Information For...

For you and your family
Standard mileage and other information

Forms and Instructions

Individual Tax Return
Instructions for Form 1040
Request for Taxpayer Identification Number (TIN) and Certification
Request for Transcript of Tax Return

 

Employee's Withholding Allowance Certificate
Employer's Quarterly Federal Tax Return
Employers engaged in a trade or business who pay compensation
Installment Agreement Request

Popular For Tax Pros

Amend/Fix Return
Apply for Power of Attorney
Apply for an ITIN
Rules Governing Practice before IRS

New Law Expands IRA Options for Military; Many Can Still Contribute for 2004 and 2005

Notice: Historical Content

This is an archival or historical document and may not reflect current law, policies or procedures.

IR-2006-129, Aug. 18, 2006

WASHINGTON — Members of the military serving in Iraq, Afghanistan and other combat zone localities can now put money into an individual retirement account, even if they received tax-free combat pay, according to the Internal Revenue Service.

Under the Heroes Earned Retirement Opportunities (HERO) Act, signed into law on Memorial Day, taxpayers can now count tax-free combat pay when determining whether they qualify to contribute to either a Roth or traditional IRA. Before this change, members of the military whose earnings came entirely from tax-free combat pay were generally barred from using IRAs to save for retirement.

“The HERO act is one more way to let our fighting forces in combat areas know that we support them,” said IRS Commissioner Mark W. Everson. “This is a good way for people serving in combat zones to save more of their earnings for retirement.”

In addition, the HERO Act allows military personnel who received tax-free combat pay in either 2004 or 2005 to go back and make IRA contributions for those years. Eligible military members will have extra time, until May 28, 2009, to make these special back-year contributions.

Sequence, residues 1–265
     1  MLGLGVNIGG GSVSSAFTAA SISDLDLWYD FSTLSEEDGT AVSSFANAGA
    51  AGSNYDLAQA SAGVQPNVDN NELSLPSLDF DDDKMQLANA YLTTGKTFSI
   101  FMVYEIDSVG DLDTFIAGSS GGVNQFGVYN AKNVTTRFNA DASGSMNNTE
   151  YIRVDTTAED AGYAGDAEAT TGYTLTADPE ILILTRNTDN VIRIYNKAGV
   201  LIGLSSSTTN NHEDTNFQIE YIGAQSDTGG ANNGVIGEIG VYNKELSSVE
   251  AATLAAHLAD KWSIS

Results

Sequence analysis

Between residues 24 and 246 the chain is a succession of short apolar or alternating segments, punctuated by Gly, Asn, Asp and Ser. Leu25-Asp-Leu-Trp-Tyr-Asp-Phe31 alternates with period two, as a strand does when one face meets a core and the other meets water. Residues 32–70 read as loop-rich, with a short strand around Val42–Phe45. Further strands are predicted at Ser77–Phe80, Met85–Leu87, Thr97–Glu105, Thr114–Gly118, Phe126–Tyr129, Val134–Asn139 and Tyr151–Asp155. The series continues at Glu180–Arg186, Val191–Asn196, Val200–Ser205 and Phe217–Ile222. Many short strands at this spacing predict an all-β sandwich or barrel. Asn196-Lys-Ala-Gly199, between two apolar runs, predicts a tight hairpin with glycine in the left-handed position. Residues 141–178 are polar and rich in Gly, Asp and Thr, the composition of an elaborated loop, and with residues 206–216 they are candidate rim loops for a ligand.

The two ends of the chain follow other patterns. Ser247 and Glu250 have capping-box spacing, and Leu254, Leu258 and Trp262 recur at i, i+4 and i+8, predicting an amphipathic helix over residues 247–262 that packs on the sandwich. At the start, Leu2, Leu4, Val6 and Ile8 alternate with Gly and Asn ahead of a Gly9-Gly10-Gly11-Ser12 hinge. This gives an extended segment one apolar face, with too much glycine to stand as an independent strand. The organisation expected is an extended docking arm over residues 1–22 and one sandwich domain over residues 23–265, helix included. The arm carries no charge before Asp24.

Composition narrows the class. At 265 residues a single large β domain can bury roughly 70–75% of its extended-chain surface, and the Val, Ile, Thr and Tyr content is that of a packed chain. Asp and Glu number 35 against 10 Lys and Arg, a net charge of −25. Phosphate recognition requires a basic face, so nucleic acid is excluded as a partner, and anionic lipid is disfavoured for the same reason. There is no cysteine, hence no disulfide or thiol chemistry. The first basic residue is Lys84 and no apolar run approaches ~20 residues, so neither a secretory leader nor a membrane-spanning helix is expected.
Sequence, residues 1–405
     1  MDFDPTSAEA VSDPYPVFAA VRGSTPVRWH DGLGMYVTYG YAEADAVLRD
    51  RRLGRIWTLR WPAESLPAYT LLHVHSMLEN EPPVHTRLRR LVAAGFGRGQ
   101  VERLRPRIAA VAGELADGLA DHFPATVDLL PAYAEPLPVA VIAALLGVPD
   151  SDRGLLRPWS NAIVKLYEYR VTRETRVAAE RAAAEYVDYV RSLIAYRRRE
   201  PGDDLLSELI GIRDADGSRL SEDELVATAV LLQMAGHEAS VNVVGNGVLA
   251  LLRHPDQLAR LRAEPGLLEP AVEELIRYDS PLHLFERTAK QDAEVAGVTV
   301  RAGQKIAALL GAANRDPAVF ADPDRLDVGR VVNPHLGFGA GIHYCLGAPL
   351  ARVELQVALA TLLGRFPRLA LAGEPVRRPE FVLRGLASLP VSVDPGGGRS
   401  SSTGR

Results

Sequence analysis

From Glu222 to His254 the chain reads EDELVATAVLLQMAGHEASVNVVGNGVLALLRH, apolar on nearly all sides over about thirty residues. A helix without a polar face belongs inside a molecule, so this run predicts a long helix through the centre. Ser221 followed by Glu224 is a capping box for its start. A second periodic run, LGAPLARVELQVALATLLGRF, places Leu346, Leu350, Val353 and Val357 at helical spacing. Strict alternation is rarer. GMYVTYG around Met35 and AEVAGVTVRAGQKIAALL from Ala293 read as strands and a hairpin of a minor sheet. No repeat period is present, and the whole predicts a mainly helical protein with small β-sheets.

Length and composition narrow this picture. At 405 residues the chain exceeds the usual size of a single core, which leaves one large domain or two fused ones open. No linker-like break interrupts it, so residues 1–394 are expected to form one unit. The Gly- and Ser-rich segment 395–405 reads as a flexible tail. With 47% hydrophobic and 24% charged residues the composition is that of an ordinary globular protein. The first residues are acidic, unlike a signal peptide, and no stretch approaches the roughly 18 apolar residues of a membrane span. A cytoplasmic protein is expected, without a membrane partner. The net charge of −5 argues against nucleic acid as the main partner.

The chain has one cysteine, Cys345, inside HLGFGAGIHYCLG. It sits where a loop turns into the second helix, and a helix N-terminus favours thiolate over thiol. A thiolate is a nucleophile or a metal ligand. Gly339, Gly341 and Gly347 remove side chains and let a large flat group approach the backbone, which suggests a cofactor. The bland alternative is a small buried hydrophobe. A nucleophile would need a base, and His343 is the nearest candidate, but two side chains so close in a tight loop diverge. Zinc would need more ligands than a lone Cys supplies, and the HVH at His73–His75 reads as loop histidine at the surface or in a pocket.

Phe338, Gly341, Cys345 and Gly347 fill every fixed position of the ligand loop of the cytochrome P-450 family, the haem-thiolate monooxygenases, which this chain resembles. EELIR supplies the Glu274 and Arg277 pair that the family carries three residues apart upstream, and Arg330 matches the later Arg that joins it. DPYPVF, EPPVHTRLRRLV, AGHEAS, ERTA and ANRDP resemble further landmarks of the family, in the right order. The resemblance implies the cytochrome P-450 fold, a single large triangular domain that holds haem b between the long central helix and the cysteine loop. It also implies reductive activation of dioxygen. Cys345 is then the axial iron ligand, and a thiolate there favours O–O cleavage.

For those under the age of 50, the IRA contribution limit was $3,000 for 2004 and $4,000 for 2005. For those 50 and over, the limit was $3,500 for 2004 and $4,500 for 2005.

Taxpayers choosing to put money into a Roth IRA don’t need to report these contributions on their individual tax return. Roth contributions are not deductible, but distributions, usually after retirement, are normally tax-free. Income limits and other special rules apply.

On the other hand, contributions to a traditional IRA are often, though not always, deductible, and distributions are generally taxable.

Deductible or not, contributions to a traditional IRA must be reported on the return for the year made. Deductible contributions are claimed on Form 1040, 1040A or 1040NR. Nondeductible contributions are reported on Form 8606, which is normally attached to one of these individual return Forms.

If a return has already been filed for a particular year, contributions should be reported on an amended return, Form 1040X. Depending upon the circumstances, military personnel who choose to put money into a traditional IRA for 2004 or 2005 may qualify for additional tax refunds.

For those planning ahead, the IRA contribution limit for 2006 is $4,000 for those under age 50 and $5,000 for those 50 and over.

Related Items:

Subscribe to IRS Newswire